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, 17:150

First Online: 19 March 2016Received: 04 June 2015Accepted: 02 March 2016DOI: 10.1186-s13063-016-1273-9

Cite this article as: Hatfield, I., Allison, A., Flight, L. et al. Trials 2016 17: 150. doi:10.1186-s13063-016-1273-9


Adaptive designs have the potential to improve efficiency in the evaluation of new medical treatments in comparison to traditional fixed sample size designs. However, they are still not widely used in practice in clinical research. Little research has been conducted to investigate what adaptive designs are being undertaken. This review highlights the current state of registered adaptive designs and their characteristics. The review looked at phase II, II-III and III trials registered on from 29 February 2000 to 1 June 2014, supplemented with trials from the National Institute for Health Research register and known adaptive trials. A range of adaptive design search terms were applied to the trials extracted from each database. Characteristics of the adaptive designs were then recorded including funder, therapeutic area and type of adaptation. The results in the paper suggest that the use of adaptive designs has increased. They seem to be most often used in phase II trials and in oncology. In phase III trials, the most popular form of adaptation is the group sequential design. The review failed to capture all trials with adaptive designs, which suggests that the reporting of adaptive designs, such as in clinical trials registers, needs much improving. We recommend that clinical trial registers should contain sections dedicated to the type and scope of the adaptation and that the term ‘adaptive design’ should be included in the trial title or at least in the brief summary or design sections.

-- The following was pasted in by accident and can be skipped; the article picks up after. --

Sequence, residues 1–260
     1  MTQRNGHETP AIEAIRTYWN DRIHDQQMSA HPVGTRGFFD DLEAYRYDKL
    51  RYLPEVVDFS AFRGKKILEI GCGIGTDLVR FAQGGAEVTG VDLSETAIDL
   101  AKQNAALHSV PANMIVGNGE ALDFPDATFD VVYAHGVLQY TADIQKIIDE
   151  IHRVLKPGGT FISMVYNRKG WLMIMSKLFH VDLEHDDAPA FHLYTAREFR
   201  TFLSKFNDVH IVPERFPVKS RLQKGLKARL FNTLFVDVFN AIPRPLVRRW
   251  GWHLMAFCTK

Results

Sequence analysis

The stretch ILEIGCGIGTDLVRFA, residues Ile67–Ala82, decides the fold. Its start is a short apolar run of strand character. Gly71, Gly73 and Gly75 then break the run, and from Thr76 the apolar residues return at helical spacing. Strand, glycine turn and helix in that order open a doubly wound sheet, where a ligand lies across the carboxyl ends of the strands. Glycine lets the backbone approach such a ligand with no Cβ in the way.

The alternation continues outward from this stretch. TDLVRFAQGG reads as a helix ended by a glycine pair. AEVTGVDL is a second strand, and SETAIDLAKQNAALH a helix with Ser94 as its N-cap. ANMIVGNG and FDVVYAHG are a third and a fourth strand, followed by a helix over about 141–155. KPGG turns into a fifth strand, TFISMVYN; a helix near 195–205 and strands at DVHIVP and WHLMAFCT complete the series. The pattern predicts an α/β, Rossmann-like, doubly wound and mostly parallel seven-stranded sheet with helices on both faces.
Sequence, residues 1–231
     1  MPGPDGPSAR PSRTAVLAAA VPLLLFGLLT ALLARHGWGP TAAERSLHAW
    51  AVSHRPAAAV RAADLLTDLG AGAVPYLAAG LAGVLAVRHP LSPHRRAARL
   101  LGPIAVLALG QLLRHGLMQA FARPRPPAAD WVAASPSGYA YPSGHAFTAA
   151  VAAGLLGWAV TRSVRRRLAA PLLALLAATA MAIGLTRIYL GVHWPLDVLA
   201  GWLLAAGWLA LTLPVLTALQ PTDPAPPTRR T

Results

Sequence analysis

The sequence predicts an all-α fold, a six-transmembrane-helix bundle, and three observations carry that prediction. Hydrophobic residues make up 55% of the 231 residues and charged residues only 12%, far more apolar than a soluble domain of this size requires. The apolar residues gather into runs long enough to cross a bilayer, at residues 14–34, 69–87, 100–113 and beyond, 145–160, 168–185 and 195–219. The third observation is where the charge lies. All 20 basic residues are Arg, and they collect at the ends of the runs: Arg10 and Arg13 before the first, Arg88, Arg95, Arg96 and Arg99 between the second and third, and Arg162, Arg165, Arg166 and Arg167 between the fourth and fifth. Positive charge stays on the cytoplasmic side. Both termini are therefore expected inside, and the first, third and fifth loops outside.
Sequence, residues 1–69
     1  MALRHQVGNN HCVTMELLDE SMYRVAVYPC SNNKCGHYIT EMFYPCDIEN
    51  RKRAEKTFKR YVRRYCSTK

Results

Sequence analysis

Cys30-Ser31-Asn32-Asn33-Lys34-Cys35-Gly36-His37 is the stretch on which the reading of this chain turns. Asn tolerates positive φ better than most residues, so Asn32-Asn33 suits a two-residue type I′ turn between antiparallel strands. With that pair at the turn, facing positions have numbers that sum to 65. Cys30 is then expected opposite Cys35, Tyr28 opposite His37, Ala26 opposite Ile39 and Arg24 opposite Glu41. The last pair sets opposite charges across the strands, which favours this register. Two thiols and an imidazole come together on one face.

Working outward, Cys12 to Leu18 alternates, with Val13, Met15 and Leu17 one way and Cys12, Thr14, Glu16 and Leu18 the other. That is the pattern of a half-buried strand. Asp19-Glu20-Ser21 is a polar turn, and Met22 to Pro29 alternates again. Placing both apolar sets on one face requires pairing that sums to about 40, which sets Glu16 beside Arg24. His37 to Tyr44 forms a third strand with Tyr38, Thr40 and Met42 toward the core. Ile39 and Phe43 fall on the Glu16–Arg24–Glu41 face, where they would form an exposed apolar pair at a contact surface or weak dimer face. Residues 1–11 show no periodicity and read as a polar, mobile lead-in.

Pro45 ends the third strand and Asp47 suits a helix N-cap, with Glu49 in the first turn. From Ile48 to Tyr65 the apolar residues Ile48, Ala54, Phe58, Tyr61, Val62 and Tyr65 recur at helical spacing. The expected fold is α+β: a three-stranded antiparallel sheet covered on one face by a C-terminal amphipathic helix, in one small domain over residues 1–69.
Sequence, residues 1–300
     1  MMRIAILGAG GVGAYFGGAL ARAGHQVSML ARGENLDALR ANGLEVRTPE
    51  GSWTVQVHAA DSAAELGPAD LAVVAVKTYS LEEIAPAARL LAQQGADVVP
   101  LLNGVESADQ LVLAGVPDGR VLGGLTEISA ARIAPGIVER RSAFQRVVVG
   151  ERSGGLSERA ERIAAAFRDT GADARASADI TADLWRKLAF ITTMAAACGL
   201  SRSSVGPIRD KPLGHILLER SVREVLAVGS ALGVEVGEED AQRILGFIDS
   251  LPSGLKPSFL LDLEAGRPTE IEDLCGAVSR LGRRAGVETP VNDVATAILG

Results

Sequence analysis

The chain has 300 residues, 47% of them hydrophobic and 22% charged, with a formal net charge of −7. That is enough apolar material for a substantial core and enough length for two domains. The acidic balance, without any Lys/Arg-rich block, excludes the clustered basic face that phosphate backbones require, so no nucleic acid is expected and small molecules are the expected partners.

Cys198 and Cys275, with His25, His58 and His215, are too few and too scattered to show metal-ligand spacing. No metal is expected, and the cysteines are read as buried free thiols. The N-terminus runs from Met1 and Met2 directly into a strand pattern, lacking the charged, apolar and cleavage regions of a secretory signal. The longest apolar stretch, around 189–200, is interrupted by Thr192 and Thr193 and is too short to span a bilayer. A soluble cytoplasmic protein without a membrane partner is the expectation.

KeywordsAdaptive design Clinical trial Flexible design AbbreviationsADadaptive design

CIconfidence interval

DEdose escalation

DSdose selection

GSDgroup sequential design

MRCMedical Research Council

NIHRNational Institute for Health Research

RCTrandomised controlled trial

SSRsample size re-estimation

WHOWorld Health Organization

Electronic supplementary materialThe online version of this article doi:10.1186-s13063-016-1273-9 contains supplementary material, which is available to authorized users.

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Autor: Isabella Hatfield - Annabel Allison - Laura Flight - Steven A. Julious - Munyaradzi Dimairo


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